Previously known as two separate documents, the Memorandum of Association and Articles of Association, the Companies (Amendment Act) 2014 combined them into a single document called the Company Constitution.

The Company Constitution is a legal document which spells out the rules and regulations as to how the company should be governed. It also firms up the roles and responsibilities of the various members of the company, mainly the directors and shareholders. The Company Constitution is a mandatory document as required under the Companies Act. You will need to upload a copy of the Company Constitution on BizFile to continue the registration of a new company. A company cannot be incorporated without a constitution.

The Companies Act specifies that certain sections must be mandatory in a company’s constitution.

1) Name Clause
This clause specifies the approved name by the company registrar. The company will use this name at all times in all business dealings and documentation.

2) Registered Office Clause
The company is to keep all records such as the register of members and other company documents at this address.

3) Liability Clause
This states the liability of the members of the company. This is important as it clarifies the liabilities which the members must undertake in case the company is dissolved.

4) Capital Clause
This states the total amount of share capital in the company and the number of shares issued.

5) Subscriber Clause
This states the full names, addresses and occupations of subscribers to the company

6) Objects Clause
This states the company’s business activities and the manner in which the business is conducted. It can also state businesses which the company cannot partake in.

7) Rules and Regulations
This covers the compliance of the company. This also helps the company to adhere to the regulatory authorities guidelines such as the ones from the Accounting and Corporate Regulatory Authority(ACRA). These are some of the common rules and regulations which are spelt out.

a) Shares
– Issue of Shares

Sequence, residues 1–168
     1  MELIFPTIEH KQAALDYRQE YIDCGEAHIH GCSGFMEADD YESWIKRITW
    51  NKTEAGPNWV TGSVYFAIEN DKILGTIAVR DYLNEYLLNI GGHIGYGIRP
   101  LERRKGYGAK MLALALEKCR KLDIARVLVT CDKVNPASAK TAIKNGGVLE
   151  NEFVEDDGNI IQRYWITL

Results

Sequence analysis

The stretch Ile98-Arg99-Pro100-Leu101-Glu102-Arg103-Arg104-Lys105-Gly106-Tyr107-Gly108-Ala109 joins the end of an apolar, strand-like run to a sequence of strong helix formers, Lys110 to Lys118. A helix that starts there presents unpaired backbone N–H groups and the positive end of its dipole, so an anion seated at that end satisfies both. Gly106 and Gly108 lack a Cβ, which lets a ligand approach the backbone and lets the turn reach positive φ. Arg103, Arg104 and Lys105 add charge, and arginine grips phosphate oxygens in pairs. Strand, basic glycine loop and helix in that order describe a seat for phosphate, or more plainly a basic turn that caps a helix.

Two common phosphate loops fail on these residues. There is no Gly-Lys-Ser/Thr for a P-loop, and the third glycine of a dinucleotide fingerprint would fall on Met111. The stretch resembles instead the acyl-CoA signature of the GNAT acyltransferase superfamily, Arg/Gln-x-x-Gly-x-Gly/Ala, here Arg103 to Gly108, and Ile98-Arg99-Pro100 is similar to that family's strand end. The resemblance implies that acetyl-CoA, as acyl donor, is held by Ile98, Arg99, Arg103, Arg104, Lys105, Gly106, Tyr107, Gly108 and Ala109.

– Alteration of share capital
– Share certificates- Different share classes (eg. common and preferred)
– Transfer of shares (method of transfer, fees payable)
– Transmission of shares
– Forfeiture and Lien on shares
– Calls on shares

b) Meetings
– Annual General Meeting (Manner of calling for a meeting, manner of holding the meeting)
– Extraordinary General Meeting (Manner of calling for a meeting, manner of holding the meeting)

c) Directors
– Appointment and Resignation
– Duties and scope of power
– Managing Directors, Alternate Directors and Substitute Directors

d) Secretary
– Appointment and Removal

e) Common Seal (Not necessary anymore. Although some companies may still choose to use it.)
– Place of safe keeping
– Persons authorised to use the common seal

f) Financial Statements
– Maintenance of accounting records
– Accounts to reflect company transactions accurately

g) Dividends and Reserves
– Declaration of dividends and method and timing of payout
– Purpose of maintaining reserves

f) Capitalisation of Profits and Reserves
– Approval of Capitalisation
– Power of Directors to give effect to Capitalisation

g) Sending of Notices
– Methods of sending notices to members and subscribers of the company

h) Winding-up
– Method of winding up the company
– A director’s role and powers to wind up the company
– Method of liquidation and appointment of a liquidator and his scope

i) Indemnity
– Indemnity to every director, secretary, auditor and officer of the company against any liability in the course of carrying out their duties to the company.

As you can see, the Company Constitution is an extremely important document. To put it simply, when you incorporate a company, you need a rule book for the company. The company should always be run in accordance with this rule book. In the event that certain rules need to be changed, you can either amend the Company Constitution. There are certain matters which may require a resolution rather than to alter the Company Constitution. To alter the Company Constitution a special resolution must be done. The alteration will form part of the original Constitution from the date of passing of the special resolution. The company then has to submit a notice of the special resolution within 14 days to the Registrar. The Registrar will issue a notice and certificate of incorporation to confirm the alteration to the Constitution.

Since the Company Constitution is such an important document, some companies choose to engage either a lawyer or a qualified corporate secretary to assist them in forming their constitution. You may also use the model constitution as provided for in the Companies Act. The Company Constitution must be submitted at the time of incorporation thus it would be wise for those who are thinking of incorporating a new company to consult professionals at an earlier date. During the incorporation process, either a director or a secretary must make a declaration to the Registrar stating that he or she has verified the identities of the members and subscribers listed in the Constitution of the proposed company.

The Company Constitution must be kept at its registered office. The registered office may be different from the place of business. For many companies, the registered office is the office of the Corporate Secretary. The Company Constitution is open to inspection at the registered office. The authorities, as well as the members, must be allowed to view the constitution when requested.
The Company Constitution is an extremely important document in every company. If you are serious about your company and its underlying business, you should have a well-drafted Constitution.

Yours Sincerely,
The editorial team at Singapore Secretary Services